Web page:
Submitted by Your Library on Wed, 14/10/2015 - 09:52
We are delighted to announce that Lia Mills’ novel Fallen, published by Penguin Ireland, is the Dublin: One City One Book choice for 2016.
We are also delighted to announce that, for the first time, Dublin will team up with Belfast for a 'Two Cities One Book' Festival. 2016 will see a partnership with Libraries NI (the library authority for Northern Ireland) so that next April readers in Dublin and Belfast will engage with the same book at the same time. The initiative was launched at noon today (14th) by an tArdmhéara Críona Ní Dhálaigh and the Minister for Arts, Heritage and the Gaeltacht, Heather Humphreys TD.
Submitted by Your Library on Tue, 16/06/2015 - 09:51
Dubliners is Joyce at his most direct and his most accessible. Any reader may pick it up and enjoy these fifteen stories about the lives, loves, small triumphs and great failures of its ordinary citizens without the trepidation that might be felt on opening, say, Ulysses, famed for its impenetrability and stream-of-consciousness hyperbole. At the same time, although simply written, there is great depth and many levels to the stories, in which the characters – young, middle-aged and old – are revealed, to themselves, or sometimes only to the reader, in all their frail humanity.
Submitted by Morning Star on Wed, 04/02/2015 - 13:13
The first I heard of Dermot Healy was in June 2014. A friend of mine was asked to read through poems to be considered for selection in the Dermot Healy International Poetry Competition. The next day, it was reported on the national news that he had passed away. It had been remarked by another one of my of friends that his work never got the recognition and success it deserved, that he was a much more “interesting” writer than his peers. Interesting can sometimes mean, “you’re not going to understand this…. You thickie!”. I began reading Long Time, No See. Immediately, I got a jolt: the words on the page were formatted like poetry and none of the dialogue was in inverted commas. I was reluctant to continue as my eyes and brain were in for a different exercise regime. However, my desire to be a know-it-all won through and I’m so glad I persevered. This is one of the best books I have ever read. Set in an Irish coastal rural community,it starts slowly with a young man visiting his grand uncle.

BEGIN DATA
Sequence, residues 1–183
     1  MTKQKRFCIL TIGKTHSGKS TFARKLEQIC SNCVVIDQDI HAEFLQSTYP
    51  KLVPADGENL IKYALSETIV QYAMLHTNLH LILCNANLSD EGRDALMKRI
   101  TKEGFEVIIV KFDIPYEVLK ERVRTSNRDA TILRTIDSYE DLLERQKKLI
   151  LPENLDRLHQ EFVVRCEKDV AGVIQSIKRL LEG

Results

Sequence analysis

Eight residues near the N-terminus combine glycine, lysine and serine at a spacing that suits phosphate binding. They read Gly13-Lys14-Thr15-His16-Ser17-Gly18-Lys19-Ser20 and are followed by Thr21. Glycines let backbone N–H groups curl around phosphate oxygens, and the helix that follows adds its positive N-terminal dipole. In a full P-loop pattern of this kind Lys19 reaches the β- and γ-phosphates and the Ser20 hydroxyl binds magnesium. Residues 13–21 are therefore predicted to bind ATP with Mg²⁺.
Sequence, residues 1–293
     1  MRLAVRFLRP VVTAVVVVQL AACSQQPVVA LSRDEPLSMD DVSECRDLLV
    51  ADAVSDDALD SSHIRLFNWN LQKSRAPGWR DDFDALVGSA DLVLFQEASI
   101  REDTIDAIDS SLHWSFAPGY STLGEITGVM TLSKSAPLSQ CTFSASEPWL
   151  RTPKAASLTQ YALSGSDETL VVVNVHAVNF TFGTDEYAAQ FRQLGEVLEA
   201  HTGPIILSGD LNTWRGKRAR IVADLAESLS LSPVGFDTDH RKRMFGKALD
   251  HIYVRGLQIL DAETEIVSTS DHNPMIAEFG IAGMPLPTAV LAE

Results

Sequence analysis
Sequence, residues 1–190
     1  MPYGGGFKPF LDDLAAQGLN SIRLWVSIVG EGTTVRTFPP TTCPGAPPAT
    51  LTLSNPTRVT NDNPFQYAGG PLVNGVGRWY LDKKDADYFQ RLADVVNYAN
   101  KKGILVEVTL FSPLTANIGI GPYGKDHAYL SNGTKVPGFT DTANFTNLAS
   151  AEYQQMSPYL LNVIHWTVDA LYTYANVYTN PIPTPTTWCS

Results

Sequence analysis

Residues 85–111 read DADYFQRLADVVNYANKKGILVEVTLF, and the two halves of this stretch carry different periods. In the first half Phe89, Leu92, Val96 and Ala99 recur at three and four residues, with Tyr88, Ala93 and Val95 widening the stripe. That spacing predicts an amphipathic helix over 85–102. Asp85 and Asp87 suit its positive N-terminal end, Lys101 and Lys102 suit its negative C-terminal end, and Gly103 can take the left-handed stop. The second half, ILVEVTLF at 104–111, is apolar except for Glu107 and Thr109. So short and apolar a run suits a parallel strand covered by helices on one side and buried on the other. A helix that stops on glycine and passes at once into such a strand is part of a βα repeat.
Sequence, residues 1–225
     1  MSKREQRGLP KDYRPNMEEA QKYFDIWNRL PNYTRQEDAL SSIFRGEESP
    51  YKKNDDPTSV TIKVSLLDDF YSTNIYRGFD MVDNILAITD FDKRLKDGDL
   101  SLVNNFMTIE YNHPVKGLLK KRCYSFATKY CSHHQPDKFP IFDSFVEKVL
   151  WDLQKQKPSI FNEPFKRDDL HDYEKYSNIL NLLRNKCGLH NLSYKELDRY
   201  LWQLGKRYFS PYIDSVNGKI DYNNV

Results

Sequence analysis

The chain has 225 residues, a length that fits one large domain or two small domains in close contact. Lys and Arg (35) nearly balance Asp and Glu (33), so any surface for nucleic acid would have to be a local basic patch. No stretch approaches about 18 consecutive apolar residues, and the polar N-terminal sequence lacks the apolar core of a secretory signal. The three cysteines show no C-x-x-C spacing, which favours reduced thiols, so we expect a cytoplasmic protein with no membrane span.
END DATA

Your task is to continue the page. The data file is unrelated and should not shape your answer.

Submitted by Your Library on Thu, 05/06/2014 - 10:50
Wednesday, 4th June, proved a good day for Irish fiction writing, as two authors were recipients of Awards on the international literary stage. First up was the announcement that John Banville had been conferred with Spain's Prince of Asturias Award for Literature. In so doing, he picks up a cash prize of €50,000. This award was established in 1981 by the soon to be King of Spain, Prince Felipe. The jury gave the award to John Banville (left, image source) "for his intelligent, insightful and original work as a novelist, and on his alter ego, Benjamin Black, author of disturbing, critical crime novels" (quote).
Next came the news that Eimear McBride had won the Baileys Women's Prize for Fiction for her novel 'A Girl is a Half-Formed Thing'. The Award brings with it a cash prize of £30,000. Helen Fraser, chair of judges, says of McBride’s startling debut: "An amazing and ambitious first novel that impressed the judges with its inventiveness and energy. This is an extraordinary new voice – this novel will move and astonish the reader." In so doing, she beat off some stiff competition from the likes of Chimamanda Ngozi Adiche, Donna Tartt, and fellow Irish shortlisted nominee Audrey Magee.